CIAS 2016: Toronto auto show packed with cars for 'mainstream' millennials
As Toyota scraps Scion, it’s clear Generation Y isn’t sold on youth-centred brands
All the hashtags in the world couldn't save Scion. Earlier this month, Toyota said sayonara to the youth-centric brand.
With its unorthodox silhouettes and customizable trims, guerrilla marketing campaigns and social media schticks, Scion was Toyota's oblation on the altar of Generation X. An experiment to make customers of a generation that wanted nothing to do with the stodgy minivans and station wagons of the boomers.
For a while the experiment worked. Then Generation X got older and moved on, and Scion fizzled with Generation Y.
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Yes, the millennials. That demographic of curious consumers — stereotyped as entitled, technology-steeped, bike-pedalling condo-dwellers — with a disdain for driving that will supposedly prove ruinous for car makers.
To a degree, some of that is true. There's no question young people are driving less than their forebears. Urbanization, an explosion in ride-sharing options and changing attitudes towards cars have coalesced to make Gen Y a bit of an enigma for the auto industry.
But millennials, now the most numerous generation in both the U.S. and Canadian labour forces and wielding increasing spending power, are buying cars again.
As it turns out, car makers didn't need to reinvent the wheel to lure them back.
"Our data never showed that this generation wasn't interested in owning a vehicle. Every time we did a study, we would find that they aspired to own a car," says Michelle Krebs, senior analyst for Autotrader.
Function over form
What, then, really killed Scion and the host of subsequent youth-focused offerings that manufacturers cooked up to try to sell cars to millennials?
The answer would have made Gen X cringe, crank up the R.E.M. and speed off in a souped-up sedan.
The reality is that "millennials are more mainstream in their buying than Gen Xers," Krebs says.
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"Research shows they want established, highly respected global brands. We call it the mainstreaming of the millennials because they are buying exactly the kinds of vehicles that baby boomers do, really."
The biggest difference is that millennials put a higher premium on digital features, expecting their vehicles to sync seamlessly with wireless devices. That's still a work in progress, Krebs says, but nonetheless Gen Y — especially those within the cohort who are now having families of their own — are buying up more cars than even the industry anticipated.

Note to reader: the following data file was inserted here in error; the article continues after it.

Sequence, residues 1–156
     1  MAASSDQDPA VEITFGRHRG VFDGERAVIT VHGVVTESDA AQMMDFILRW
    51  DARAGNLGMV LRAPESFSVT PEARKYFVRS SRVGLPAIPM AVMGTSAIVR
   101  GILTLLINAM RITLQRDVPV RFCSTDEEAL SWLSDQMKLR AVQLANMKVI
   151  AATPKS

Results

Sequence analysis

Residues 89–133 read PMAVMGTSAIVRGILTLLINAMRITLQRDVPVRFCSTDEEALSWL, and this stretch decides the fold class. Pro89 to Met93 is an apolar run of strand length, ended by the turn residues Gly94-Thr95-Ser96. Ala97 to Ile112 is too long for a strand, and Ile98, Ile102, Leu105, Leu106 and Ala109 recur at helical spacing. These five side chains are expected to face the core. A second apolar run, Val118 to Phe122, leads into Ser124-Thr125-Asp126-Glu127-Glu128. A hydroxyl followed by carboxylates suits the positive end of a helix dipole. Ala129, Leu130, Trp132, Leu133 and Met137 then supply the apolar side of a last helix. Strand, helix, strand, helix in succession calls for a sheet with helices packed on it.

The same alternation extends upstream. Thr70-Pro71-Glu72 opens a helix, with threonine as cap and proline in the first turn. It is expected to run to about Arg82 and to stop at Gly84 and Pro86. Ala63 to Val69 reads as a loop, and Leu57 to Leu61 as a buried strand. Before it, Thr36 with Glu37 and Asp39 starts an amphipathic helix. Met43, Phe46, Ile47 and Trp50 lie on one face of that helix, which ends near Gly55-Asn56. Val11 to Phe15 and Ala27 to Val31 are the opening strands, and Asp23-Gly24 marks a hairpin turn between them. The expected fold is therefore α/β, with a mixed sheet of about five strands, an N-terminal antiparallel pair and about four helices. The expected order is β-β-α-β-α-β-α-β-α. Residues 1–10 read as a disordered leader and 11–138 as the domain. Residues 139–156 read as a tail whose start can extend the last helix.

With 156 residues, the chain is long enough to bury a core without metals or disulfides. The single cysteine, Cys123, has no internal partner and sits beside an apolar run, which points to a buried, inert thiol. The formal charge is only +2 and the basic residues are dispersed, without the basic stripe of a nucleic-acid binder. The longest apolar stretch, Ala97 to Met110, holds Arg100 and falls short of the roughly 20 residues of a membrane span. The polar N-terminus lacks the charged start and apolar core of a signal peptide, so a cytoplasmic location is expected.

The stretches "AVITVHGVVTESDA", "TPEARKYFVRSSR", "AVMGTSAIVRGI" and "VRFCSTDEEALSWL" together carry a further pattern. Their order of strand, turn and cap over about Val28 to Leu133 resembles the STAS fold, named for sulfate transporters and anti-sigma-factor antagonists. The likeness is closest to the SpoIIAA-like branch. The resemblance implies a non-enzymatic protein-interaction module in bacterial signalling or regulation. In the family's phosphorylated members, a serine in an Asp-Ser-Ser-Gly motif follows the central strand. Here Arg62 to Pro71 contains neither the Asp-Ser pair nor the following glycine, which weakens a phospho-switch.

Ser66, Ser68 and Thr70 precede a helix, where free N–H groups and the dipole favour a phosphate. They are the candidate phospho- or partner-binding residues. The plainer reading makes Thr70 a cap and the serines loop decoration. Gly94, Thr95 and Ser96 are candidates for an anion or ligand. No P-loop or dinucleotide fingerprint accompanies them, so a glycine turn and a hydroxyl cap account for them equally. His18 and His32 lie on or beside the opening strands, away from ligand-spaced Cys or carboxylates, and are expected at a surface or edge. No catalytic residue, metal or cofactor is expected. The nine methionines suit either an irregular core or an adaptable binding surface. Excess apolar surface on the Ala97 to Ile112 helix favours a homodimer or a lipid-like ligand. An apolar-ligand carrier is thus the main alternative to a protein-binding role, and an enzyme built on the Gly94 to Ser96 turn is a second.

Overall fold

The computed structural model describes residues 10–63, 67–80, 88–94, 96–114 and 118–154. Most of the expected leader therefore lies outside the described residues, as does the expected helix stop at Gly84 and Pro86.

The truth is that usually when you target a group specifically, it feels really inauthentic.- Jessica Caldwell, Edmunds analyst
Last year marked the third straight year of record car sales in the U.S. and Canada. Interestingly, purchases of compact SUVs was the biggest driver of growth, according to Krebs. Preliminary data suggests it was in fact millennials and boomers who did most of that buying.
It's clear that carmakers have got the picture. Walking the cavernous halls of the Toronto auto show this year, it'd be impossible not to notice the sheer number of crossovers and small SUVs.
Luxury and mid-market brands alike are getting in on the action. Even Tesla, the California-based electric car manufacturer, showed off its sleek Model X.
The shift to utility vehicles is paying off with young people.
Two years ago, market research company J.D. Power reported that millennials had surpassed Gen X in total new car purchases in the U.S., second only to boomers. And last spring it reported that millennials made-up 27 per cent of all new purchases in 2014, up from 18 per cent in 2010.
There's potential that the number of Gen Yers buying a vehicle will continue to increase. A 2014 survey by Deloitte, for example, found that 80 per cent of millennials in the U.S. planned on buying a car in the next five years.
All about authenticity
But in the wake of the financial crisis, the picture was far less encouraging from the perspective of the auto industry. Young people saddled with debt and struggling to find stable jobs put off all kinds of big purchases.
This effect was exacerbated by changing attitudes toward cars. The quintessential symbol of youthful freedom was more like a rolling prison of debt for young people.
"Cars were once a connective tissue between youth and adult life. They were a way to be free, to be connected to people. Millennials were the first generation that could do that without leaving the house," says Darren Ross, senior vice-president of solutions at the marketing firm Fluent.
Automakers panicked. They poached hip marketing minds to crack the millennial mind and tried to win back young people with cockamamie marketing campaigns and unorthodox offerings.
But it was a misguided approach. Scion is a case in point, says Jessica Caldwell, senior analyst at Edmunds.
"The truth is that usually when you target a group specifically, it feels really inauthentic. I think what they learned is that you can't really develop a brand, especially cars, to a specific age group because it's more about a lifestyle," she explains.
"The thing we are seeing is, you're not really buying a car because you're a millennial, or because you're a woman, or because of some demographic characteristic. People just buy cars that make sense for them."